But my big question is how long the Democrats can refrain from becoming appalling.
Too late, but you only missed by a few decades.
When the Republicans took control in 1994, even those of us who were saddened about what the change would do to the Clinton agenda had to admit the Democrats had it coming. They’d been in power most of the time since the New Deal, and had become way too arrogant and inward-looking. They didn’t believe the public would punish them, either for corruption or for ignoring the voters’ complaints and concerns.
Okay, so the early 90s was the time when I really started smoking crack, as opposed to the three or four times daily of the previous five years, so maybe it's my memory that's faulty, but the Clinton agenda? Wasn't that the one whose cornerstone was National Health Care, which was shot down by the Democratically-controlled Congress? And the colossal stink over Don't Ask/Don't Tell, the sorry-assed Fish Nor Fowl non-solution reportedly spurred by fears of what the Democratically-controlled Senate might do in response to an executive order?
A bit simplistic, sure, but our point is how did the '94 midterms make a politically-savvy reporter fear for an agenda which was already in shreds and a Presidency which was already encircled by Clinton Scandals, Inc., spurred on by egregiously erroneous Times reporting by
And the rest, if anything, leaves us more puzzled. Arrogant and corrupt those Democrats may have been (but remarkably so, Gail? For Congress? Y'know, since you've already bought two scoops of Republican Revolution Hallucination, you can get our Rainbow-Winged Spumoni Pony for just $1.25 extra), but "didn't believe the voters would punish them"? This is the party which had turned tail and skedaddled at Reagan's shadow, and a dozen years later there still wasn't anyone rounding up stragglers. Bill Clinton his own self rose to national prominence in the mid-80s drive to Make Democrats Indistinguishable From Republicans. Okay, maybe they didn't think they could lose control of Congress, but Thinking About the Party comes in, at best, at #4 on any Congresscritter's list of things to worry about, and the first three are "Get myself reelected".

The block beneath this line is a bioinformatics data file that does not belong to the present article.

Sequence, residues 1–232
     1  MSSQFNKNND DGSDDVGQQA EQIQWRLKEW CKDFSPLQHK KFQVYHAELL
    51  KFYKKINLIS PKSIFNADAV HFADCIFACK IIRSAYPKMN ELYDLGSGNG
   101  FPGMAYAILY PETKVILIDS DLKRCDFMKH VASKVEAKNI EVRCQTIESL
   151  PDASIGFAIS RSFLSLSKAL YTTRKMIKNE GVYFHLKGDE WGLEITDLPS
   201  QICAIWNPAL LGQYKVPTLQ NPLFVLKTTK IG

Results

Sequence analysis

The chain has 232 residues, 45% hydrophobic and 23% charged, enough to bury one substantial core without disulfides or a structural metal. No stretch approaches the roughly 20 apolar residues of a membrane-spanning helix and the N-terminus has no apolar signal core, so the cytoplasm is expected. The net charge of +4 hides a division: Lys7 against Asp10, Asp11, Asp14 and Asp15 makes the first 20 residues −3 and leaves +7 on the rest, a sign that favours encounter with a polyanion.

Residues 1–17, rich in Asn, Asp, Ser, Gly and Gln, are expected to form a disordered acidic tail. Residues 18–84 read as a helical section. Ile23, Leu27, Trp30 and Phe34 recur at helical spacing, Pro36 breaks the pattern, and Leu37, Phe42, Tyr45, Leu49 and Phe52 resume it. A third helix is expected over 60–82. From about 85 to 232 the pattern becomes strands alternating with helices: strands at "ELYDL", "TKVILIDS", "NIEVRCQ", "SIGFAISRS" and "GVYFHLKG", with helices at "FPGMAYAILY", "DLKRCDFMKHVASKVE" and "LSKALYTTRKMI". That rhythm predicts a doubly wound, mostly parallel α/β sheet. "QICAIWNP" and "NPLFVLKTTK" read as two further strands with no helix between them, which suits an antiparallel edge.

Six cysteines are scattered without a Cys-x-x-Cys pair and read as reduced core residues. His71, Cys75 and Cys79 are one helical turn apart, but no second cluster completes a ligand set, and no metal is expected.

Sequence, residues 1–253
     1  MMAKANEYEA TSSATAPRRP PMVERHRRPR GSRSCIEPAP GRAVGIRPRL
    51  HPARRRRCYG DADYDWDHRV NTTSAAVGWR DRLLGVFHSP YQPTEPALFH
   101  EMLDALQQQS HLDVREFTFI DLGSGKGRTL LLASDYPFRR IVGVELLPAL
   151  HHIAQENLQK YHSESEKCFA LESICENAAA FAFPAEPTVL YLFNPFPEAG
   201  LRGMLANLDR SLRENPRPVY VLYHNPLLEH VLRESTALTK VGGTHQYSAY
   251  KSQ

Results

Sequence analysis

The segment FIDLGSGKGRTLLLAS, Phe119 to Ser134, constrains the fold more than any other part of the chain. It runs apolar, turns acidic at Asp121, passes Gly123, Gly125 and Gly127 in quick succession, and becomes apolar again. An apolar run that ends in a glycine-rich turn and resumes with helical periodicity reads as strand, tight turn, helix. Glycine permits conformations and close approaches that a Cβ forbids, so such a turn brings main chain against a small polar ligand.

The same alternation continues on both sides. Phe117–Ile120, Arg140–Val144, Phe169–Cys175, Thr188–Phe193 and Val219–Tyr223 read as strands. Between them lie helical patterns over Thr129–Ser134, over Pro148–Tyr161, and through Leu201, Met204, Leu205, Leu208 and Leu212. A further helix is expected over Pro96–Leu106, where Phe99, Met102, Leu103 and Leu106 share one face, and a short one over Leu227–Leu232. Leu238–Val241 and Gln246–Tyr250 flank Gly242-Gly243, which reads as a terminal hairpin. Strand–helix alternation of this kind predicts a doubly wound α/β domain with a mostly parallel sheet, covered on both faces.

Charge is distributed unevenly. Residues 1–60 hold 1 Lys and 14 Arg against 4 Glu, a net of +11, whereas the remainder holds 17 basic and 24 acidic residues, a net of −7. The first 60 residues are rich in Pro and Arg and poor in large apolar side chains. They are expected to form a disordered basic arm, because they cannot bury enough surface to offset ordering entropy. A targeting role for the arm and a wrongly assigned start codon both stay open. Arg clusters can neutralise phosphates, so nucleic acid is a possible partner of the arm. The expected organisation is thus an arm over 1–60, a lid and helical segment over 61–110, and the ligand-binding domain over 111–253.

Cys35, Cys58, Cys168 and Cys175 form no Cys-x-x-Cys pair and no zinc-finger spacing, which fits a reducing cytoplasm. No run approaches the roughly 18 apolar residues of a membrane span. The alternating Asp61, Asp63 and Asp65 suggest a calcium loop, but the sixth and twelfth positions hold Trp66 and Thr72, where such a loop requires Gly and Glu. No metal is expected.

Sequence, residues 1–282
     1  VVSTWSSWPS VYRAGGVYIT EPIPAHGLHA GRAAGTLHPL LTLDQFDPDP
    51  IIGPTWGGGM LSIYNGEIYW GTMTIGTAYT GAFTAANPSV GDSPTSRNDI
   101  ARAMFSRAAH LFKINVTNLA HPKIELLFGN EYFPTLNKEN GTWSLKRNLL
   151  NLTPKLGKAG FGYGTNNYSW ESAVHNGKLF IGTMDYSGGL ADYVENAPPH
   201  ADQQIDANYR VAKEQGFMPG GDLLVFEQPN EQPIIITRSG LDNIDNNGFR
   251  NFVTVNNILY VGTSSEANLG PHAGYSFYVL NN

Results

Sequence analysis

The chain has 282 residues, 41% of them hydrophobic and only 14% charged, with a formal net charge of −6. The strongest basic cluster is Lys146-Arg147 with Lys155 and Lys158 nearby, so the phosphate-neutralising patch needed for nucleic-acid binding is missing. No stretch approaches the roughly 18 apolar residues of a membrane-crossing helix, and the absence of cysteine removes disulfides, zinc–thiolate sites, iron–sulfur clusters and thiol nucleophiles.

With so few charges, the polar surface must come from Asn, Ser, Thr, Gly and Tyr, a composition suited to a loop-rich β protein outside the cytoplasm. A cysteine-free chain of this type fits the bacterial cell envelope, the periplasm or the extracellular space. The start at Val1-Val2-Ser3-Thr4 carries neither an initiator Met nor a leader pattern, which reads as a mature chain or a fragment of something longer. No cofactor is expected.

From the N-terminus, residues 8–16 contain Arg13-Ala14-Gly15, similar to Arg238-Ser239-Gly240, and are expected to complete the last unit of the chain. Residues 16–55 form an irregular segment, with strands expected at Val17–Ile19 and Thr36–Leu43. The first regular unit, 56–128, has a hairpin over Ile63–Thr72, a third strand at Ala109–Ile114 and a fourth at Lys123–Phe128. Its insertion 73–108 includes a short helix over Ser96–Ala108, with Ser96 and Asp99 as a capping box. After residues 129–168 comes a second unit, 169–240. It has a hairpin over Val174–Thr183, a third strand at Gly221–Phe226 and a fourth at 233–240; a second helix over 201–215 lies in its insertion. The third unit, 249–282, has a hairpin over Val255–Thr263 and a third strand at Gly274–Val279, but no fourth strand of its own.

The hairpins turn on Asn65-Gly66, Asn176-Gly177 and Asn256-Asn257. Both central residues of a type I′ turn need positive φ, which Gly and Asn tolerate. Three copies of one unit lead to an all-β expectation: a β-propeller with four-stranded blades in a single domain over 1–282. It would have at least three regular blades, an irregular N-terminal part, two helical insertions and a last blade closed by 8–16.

What surprised me was how fast the Republicans became worse. The bloom was off the rose before you could say Tom DeLay.
And if there's something just plain odd (read: "precise transcription of the GOP talking-points version of history") about that construction--not to mention the notion of that Post-Reagan Revolution, post-Dixiecrat defection, DLC-heyday deficit-cutting Democratic Congress as the direct descendants of the New Deal--the idea that one would be flabbergasted by the speed with which a "revolution" led by a congenital liar and transparent con man like Newt Gingrich could "turn into" Tom DeLay is simply off the charts. I mean, one did not need to be a Democrat (or even just an admirer of The Clinton Agenda), a skeptical reporter type, or even particularly well-versed in contemporary politics to know, long before '94, that Gingrich was a public scoundrel of the highest order. Anyone who actually believed The Contract with America was a "Contract" "with" "America" was too gullible to live. Hell, after that it took me three more years to once again accept "The" as an English article, but then I live next door to Danny Burton's district. For cryin' out loud. Forget policy, which is too wonkish and boring for most Times pundits; by 1994 the details of Newt's first divorce were widely disseminated. I'm sure they were familiar with that.
Speaking of which, hasn't Newton Leroy Cincinatus Gingrich spent enough time in the public arena? Isn't he supposed to be back t' plowin' by now? I mean in the fields, not in his publisher's secretarial pool.